1. PRINCE2 Methodology
– controlled project management that leaves nothing to chance.
PRINCE2 is a ‘full stack’ waterfall project management methodology that
includes principles, themes and processes. It was created by the UK government
in 1996 originally for IT projects. ‘PRINCE’ stands for Projects in Controlled
Environments. It is a very process-oriented methodology, dividing projects into
multiple stages, each with their own plans and processes to follow. The
methodology defines inputs and outputs for every stage of a project so that
nothing is left to chance.
The system emphasizes justification of the course taken by a business, and so
the first step is identifying a clear need for the project, who the target
customer is, whether there are realistic benefits, and a thorough cost
assessment. A project board owns the project and is responsible for its
success. This board defines the structures for the team, while a project
manager oversees the lower level day-to-day activities. This methodology is
based on eight high-level processes and gives team’s greater control of
resources and the ability to mitigate risk effectively.
As a methodology, it’s incredibly thorough – it’s a great framework for how to
run large, predictable, enterprise projects. It clarifies, what will be
delivered, ensures a focus on the viability of the project, clearly defines
roles and responsibilities, endorses management by exception (arguably an agile
principle) and similarly to PMBOK, provides a common vocabulary which we can
apply to other methodologies. On the flipside, while the principles and themes
are great, the process can make it laborious and onerous for small projects.
PRINCE2 is designed for large scale IT projects so would never work in an
agency as a project management methodology. However, the emphasis on developing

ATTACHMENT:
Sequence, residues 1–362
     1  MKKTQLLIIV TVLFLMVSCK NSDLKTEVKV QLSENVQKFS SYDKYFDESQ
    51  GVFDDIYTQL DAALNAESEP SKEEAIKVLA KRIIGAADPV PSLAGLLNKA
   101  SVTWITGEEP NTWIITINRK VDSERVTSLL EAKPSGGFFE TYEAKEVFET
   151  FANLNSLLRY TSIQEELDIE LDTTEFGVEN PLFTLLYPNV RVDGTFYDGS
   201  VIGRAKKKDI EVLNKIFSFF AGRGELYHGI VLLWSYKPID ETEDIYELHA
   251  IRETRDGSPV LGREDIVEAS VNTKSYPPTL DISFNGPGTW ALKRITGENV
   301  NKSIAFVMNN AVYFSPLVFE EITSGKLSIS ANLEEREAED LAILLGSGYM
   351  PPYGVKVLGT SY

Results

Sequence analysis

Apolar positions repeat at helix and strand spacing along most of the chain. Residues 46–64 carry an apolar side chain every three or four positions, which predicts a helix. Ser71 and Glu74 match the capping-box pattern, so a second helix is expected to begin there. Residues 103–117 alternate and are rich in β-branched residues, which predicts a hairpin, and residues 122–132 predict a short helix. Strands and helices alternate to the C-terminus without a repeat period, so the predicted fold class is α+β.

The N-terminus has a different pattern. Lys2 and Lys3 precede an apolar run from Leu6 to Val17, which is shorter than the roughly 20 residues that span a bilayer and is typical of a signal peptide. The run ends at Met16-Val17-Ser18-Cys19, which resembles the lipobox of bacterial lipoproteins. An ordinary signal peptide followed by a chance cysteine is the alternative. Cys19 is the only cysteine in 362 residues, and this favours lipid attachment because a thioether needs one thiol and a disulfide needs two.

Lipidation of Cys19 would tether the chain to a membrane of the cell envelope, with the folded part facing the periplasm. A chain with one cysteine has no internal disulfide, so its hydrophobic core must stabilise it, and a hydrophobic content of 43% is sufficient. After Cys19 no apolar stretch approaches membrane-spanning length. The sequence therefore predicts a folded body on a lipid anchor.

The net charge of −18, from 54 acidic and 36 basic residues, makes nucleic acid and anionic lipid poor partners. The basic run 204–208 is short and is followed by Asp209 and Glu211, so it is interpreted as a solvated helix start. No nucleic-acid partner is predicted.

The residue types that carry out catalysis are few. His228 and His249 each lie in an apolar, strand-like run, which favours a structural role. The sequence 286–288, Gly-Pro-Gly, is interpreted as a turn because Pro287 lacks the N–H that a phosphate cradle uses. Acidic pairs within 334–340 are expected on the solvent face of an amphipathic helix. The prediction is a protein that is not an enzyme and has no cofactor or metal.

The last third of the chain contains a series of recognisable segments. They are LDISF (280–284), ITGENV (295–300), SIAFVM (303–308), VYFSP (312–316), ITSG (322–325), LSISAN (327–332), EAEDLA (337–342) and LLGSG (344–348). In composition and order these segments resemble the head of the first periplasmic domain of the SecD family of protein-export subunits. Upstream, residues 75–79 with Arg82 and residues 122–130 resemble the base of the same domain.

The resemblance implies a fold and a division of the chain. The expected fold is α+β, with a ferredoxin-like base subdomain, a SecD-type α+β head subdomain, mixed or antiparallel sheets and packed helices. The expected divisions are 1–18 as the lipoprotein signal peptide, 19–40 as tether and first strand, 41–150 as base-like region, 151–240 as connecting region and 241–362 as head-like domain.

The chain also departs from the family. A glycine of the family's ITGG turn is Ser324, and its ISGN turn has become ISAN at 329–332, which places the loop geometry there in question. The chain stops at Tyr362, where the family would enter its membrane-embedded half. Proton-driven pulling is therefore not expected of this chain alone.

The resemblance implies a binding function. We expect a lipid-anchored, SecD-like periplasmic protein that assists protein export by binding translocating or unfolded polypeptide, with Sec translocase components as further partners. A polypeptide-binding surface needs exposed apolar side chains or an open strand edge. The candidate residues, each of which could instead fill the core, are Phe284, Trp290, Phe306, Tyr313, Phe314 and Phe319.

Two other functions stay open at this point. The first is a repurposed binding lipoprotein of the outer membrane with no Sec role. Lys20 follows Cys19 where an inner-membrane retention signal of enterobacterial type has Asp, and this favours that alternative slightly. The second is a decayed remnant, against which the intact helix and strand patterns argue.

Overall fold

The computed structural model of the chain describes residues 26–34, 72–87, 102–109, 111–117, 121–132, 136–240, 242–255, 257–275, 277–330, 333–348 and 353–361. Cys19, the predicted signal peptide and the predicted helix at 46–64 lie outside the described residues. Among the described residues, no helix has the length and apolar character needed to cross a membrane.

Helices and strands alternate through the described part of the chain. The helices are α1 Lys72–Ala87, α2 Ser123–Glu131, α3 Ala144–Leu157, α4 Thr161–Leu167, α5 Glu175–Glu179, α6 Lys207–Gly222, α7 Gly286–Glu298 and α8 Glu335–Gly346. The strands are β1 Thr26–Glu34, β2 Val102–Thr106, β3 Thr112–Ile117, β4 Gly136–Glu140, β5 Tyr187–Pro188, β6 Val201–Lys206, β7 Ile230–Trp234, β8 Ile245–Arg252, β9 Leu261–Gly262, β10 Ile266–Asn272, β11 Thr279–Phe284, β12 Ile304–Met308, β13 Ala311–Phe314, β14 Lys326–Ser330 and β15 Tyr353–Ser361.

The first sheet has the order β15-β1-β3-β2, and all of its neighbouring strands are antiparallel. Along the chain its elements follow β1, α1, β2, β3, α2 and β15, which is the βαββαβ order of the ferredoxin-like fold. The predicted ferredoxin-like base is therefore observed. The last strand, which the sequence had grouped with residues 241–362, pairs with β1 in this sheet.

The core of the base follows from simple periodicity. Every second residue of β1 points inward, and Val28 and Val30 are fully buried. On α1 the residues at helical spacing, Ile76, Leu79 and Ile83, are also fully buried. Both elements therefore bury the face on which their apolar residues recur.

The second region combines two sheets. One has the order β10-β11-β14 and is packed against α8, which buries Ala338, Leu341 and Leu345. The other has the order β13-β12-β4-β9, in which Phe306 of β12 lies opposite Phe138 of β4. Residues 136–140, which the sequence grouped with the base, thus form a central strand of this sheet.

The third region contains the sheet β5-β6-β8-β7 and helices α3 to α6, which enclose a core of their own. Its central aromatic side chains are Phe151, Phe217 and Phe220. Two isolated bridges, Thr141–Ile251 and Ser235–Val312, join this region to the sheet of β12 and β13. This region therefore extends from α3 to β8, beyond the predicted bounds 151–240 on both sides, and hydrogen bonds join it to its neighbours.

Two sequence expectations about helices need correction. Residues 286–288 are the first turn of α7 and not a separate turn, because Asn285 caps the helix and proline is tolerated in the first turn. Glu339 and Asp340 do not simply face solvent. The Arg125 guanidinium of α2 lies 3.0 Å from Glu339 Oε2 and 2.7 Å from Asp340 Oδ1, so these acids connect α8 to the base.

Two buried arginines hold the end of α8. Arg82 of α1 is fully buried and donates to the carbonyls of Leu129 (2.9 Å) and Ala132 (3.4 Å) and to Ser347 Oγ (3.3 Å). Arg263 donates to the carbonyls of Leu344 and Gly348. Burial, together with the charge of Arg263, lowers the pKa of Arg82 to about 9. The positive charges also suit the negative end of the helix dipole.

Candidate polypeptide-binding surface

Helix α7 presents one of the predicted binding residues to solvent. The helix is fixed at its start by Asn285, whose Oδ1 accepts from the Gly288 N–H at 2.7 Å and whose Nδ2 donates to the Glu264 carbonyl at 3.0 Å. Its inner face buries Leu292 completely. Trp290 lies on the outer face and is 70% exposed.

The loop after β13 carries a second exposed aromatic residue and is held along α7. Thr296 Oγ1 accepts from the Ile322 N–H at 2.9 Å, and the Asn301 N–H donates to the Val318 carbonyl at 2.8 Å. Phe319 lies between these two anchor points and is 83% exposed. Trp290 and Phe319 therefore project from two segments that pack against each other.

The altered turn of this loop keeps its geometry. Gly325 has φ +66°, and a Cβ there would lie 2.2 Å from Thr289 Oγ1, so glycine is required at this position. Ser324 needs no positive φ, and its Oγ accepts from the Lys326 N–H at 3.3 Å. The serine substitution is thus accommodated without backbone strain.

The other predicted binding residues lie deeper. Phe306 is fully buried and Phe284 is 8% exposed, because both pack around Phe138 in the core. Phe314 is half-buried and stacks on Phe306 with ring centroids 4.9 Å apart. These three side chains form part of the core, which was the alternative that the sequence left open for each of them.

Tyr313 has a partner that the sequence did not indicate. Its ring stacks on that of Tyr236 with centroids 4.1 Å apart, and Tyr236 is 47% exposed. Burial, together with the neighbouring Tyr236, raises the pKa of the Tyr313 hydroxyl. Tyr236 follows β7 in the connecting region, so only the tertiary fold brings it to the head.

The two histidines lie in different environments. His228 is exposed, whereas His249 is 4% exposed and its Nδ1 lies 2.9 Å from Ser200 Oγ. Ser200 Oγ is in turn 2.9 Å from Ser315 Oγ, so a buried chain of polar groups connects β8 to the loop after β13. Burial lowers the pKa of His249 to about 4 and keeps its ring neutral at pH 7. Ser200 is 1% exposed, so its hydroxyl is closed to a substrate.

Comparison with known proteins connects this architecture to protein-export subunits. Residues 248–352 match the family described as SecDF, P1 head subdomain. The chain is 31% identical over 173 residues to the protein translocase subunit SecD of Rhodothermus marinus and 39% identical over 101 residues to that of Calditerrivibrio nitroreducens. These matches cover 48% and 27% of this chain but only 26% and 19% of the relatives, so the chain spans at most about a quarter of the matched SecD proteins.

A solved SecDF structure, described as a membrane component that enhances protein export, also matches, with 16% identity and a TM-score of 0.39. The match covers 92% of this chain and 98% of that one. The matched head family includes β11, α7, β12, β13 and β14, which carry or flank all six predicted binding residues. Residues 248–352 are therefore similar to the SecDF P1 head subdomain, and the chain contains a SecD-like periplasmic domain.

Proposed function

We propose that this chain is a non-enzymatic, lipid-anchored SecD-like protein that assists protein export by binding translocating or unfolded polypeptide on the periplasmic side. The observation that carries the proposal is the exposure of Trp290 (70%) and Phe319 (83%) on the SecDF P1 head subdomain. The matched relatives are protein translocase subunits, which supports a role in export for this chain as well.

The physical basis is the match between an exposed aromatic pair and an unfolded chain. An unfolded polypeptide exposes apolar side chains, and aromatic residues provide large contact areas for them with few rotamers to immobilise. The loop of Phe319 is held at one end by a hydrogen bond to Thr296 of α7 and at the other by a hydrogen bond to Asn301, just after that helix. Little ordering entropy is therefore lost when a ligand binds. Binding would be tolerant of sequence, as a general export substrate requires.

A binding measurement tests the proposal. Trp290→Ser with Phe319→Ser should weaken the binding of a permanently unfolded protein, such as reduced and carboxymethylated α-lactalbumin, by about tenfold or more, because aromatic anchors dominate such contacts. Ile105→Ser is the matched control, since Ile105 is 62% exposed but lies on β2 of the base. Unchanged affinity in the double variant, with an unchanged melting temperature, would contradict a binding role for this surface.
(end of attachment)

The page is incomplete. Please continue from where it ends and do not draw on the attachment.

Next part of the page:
a good business case with KPI’s and value earned, clear roles and
responsibilities, managing change and risk are helpful when we consider
managing projects for our clients.
Scrum is an iterative project management
methodology that thrives in situations where requirements constantly shift.
Scrum delivers products in short cycles that allow for quick feedback and a
rapid response to change. Teams work off of time units called “sprints”, which can
range from a week to a month. Each spring must end in a usable
product. Sprint also emphasizes a strong team dynamic, with regular and close
collaboration between team members, and the lack of a traditional project
Methodology – Improving speed and quality of delivery by increasing visibility
of work in progress, and limiting multi-tasking
Kanban is a project management methodology focused on lean principles and a
strict process to increase efficiency. It’s similar in many ways to Scrum –
it’s all about releasing early and often with a collaborative and self-managing
team. But compared to Scrum, Kanban is a more evolutionary change, a softer
landing into the world of agile as it’s less prescriptive.
Kanban is light on process, flexible, doesn’t have prescribed roles, and simply
tries to improve throughput by increasing the focus of the team on the things
that really matter. The core practices are visualizing the workflow, limiting
work in progress, measuring the lead time, making process policies explicit and
continually evaluating improvement opportunities.
Kanban’s focus is on work that is continually released, faster, and with better